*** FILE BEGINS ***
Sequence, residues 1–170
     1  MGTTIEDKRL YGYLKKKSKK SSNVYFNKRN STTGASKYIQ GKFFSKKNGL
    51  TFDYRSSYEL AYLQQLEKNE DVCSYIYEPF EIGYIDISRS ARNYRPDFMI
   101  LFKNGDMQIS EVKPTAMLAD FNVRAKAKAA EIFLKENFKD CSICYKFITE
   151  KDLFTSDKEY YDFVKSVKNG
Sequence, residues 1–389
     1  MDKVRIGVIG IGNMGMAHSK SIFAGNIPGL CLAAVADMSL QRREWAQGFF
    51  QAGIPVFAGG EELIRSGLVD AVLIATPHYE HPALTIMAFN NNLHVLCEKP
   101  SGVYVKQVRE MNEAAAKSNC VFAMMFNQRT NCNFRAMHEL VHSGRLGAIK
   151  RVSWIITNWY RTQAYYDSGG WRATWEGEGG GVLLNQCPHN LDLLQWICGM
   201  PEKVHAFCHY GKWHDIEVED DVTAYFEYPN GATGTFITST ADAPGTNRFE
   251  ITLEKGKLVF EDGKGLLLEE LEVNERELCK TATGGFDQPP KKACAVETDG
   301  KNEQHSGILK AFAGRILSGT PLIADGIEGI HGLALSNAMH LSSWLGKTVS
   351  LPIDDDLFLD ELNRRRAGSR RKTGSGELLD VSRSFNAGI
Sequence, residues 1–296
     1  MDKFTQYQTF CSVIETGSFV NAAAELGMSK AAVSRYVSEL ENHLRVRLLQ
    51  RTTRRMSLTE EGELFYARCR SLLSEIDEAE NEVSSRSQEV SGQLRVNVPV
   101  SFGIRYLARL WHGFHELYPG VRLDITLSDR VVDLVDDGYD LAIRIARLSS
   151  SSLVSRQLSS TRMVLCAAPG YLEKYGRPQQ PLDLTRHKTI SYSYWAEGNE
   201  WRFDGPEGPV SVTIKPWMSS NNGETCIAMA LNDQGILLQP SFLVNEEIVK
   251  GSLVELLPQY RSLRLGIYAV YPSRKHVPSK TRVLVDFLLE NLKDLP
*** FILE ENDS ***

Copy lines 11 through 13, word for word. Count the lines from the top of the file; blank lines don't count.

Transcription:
   201  PEKVHAFCHY GKWHDIEVED DVTAYFEYPN GATGTFITST ADAPGTNRFE
   251  ITLEKGKLVF EDGKGLLLEE LEVNERELCK TATGGFDQPP KKACAVETDG
   301  KNEQHSGILK AFAGRILSGT PLIADGIEGI HGLALSNAMH LSSWLGKTVS